Pay attention to the details of your food consumption

If you are willing to pick apart your weight, you should be just as willing to do a thorough evaluation of what you have put in your body contributing to that number. Salt, fiber levels, and food intolerances all have a major impact on your scale weight. Sodium can EASILY cause water retention- if you go above a sodium average you will see your weight spike. I recommend a sodium intake of 2,500-3k MG and above 1,000 MG. Consistency regarding sodium is key, and just know if you have a spike in your intake your weight will go up temporarily (Restaurant food will have higher sodium, particular sauces, etc). Pay attention to the sodium content in what you purchase, and familiarize yourself with any culprits that may be causing additional retention. Fiber is another key componant to evaluating weight. Fiber aids in digestion, helps speed up the process of waste elimination, allows one to feel more satiated for longer periods of time and has other major health benefits. A good rule of thumb is to have roughly 20% of your daily total carbohydrate intake consist of dietary fiber. As fiber moves through your body, it absorbs water along the way. Therefore, should you have a particularly high fiber diet or eat foods containing high levels of fiber one day, your weight will increase due to the additional water absorbtion that it is pulling through your tract simultaneously. Exceeding my fiber levels causes a weight spike for up to 72 hours for me personally, and is something that I track in My Fitness Pal daily. Familiarize yourself with your fiber levels, and know that those consumption habits will impact your scale weight on a daily basis. Lastly, food intolerances and sensitivities manifest differently in everyone. Learning what foods work best for your body and digestive system is a key componant to looking and feeling your best. My husband recently did a full food panel, providing him with a list of foods that he is intolerant to resulting in discomfort or changes in his body (including his weight) when they are consumed. Through trial and error, I have learned that foods like broccoli, cauliflower, brussel sprouts, and so many other things cause extreme bloating, discomfort, and result in a scale jump as well. Evaluate your food choices, and be mindful about what you put in your body! Certain foods will work better for you than others, and knowing that all of this impacts your weight is so helpful when you are picking apart that number.

Hormones, stress and self care (especially for women) are also key components of your scale weight

Women have the priviledge of navigating monthly cycles that impact your energy levels, hormones and how your body looks and feels. If you are near a cycle, enduring a stressful time, feeling overly tired your body is going to reflect that in your weight! It is not uncommon for women to have weight fluctuations anywhere from 1-6 pounds around a cycle. Having stress management tools and being mindful of stress levels is another key componant to managing your scale weight. I implement a lot of self care to help me manage my stress, and make sure that I am taking care of my body from the inside out. If it is finals week, you have a demanding work schedule, or there is an event in your life causing stress and tension, do not be surprised if you see the scale move. That is a great indicator that its time to scale back, take some time to yourself, and give back to your amazing body. Pedicures, massages, quiet time, lighting a candle, or walks outside are all ways that I manage my stress and practice self care when I know I need it.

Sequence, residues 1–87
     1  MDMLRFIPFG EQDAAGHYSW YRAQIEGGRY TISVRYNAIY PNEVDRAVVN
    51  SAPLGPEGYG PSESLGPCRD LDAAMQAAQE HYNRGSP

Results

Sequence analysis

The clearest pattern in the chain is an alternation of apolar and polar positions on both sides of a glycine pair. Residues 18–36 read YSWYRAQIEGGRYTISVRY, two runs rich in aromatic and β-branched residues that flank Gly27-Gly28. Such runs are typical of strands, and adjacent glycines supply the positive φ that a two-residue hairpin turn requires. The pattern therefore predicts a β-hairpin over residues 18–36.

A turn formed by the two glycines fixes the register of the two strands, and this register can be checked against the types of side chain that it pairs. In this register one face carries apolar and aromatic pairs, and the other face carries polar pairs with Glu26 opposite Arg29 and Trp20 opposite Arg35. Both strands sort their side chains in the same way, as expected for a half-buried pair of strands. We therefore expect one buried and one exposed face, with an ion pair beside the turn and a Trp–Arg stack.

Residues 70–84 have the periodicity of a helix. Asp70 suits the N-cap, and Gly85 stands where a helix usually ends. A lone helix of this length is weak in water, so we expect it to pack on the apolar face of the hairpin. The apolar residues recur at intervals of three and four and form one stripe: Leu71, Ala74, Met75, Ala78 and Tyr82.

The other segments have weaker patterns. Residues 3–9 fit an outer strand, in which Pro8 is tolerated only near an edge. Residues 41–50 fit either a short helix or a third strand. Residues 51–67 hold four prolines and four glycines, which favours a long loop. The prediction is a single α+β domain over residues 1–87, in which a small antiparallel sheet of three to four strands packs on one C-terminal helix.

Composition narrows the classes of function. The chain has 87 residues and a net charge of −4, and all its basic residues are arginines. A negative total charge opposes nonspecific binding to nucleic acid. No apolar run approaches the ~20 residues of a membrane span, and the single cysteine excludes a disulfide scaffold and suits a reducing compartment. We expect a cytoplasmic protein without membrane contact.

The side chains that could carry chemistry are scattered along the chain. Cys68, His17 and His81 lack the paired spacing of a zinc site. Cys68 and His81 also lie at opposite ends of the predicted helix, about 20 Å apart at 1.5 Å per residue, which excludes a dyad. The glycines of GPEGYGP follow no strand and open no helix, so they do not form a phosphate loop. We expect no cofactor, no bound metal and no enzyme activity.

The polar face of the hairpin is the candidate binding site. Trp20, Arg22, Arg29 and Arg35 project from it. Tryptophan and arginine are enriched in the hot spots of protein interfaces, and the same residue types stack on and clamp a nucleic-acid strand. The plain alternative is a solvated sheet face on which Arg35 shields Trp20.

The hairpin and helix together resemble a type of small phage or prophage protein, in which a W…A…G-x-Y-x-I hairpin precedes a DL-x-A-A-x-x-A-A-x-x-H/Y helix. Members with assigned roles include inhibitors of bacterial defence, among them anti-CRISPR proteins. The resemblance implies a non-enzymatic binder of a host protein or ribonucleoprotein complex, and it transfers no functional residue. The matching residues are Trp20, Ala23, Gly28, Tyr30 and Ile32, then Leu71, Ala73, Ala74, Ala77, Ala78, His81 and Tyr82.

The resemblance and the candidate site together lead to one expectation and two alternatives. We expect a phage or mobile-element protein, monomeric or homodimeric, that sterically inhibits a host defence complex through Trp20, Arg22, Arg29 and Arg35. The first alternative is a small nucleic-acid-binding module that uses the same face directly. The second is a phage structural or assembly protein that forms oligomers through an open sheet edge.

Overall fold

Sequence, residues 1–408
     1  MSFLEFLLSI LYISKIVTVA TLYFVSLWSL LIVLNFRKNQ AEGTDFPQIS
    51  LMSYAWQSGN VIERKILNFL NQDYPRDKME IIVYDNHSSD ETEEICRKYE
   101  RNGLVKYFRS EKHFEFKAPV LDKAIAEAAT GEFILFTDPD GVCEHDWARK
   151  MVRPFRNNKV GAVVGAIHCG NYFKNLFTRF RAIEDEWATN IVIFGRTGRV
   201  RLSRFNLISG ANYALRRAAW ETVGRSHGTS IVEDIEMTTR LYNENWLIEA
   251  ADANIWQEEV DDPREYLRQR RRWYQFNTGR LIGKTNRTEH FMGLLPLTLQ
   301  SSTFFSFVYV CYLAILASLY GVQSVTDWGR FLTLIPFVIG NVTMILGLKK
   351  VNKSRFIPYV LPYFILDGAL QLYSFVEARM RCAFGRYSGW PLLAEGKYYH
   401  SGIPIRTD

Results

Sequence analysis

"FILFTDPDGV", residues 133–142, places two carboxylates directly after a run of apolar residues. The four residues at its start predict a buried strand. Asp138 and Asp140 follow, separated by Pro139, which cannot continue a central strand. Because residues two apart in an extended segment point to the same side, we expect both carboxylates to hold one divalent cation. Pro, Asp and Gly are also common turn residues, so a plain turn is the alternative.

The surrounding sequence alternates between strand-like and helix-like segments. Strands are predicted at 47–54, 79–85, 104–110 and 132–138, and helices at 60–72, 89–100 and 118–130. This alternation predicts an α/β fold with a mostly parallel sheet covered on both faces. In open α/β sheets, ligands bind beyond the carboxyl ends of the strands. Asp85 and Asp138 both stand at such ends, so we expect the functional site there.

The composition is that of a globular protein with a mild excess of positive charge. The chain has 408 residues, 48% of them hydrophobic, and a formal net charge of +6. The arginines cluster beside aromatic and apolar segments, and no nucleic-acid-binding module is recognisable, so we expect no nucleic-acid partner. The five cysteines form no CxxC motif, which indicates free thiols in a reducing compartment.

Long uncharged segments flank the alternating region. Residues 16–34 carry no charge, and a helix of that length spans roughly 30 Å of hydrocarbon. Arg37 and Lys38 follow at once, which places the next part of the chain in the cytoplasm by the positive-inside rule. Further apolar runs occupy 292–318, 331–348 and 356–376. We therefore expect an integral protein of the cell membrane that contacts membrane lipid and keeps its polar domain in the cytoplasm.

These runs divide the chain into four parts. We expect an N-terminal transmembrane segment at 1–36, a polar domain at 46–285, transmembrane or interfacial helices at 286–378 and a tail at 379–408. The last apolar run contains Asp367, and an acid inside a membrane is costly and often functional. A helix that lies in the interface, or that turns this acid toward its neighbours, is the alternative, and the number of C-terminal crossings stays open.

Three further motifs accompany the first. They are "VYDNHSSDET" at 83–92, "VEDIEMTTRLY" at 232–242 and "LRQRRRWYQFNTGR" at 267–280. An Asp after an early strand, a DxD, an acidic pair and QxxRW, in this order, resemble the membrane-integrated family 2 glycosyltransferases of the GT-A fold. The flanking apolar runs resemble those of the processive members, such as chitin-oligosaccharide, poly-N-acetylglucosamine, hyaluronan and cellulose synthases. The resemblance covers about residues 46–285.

The next time you hop on the scale to evaluate your progress, I would encourage you to run through this list and approach your evaluations with mindful consideration. I also encourage my clients to have other (more valuable) measures of progress and success. The scale is only ONE tool for measurement, and there are so many things that it DOESN’T tell us. Be less attached to that number, and more attached to the person behind it. That number doesn’t tell you who you are, it doesn’t celebrate the exercise you did that week, it doesn’t take into account your headspace or work load, and it doesn’t tell you when you have made serious muscle gains, or lost inches! Measurements, body scans, photographs and self awareness do that. I will leave you with this question:

If you had the body of your dreams, loved how your clothes fit, and saw a difference in how you looked and more importantly how you FELT, would you care what the number on the scale is?

– Coach Carson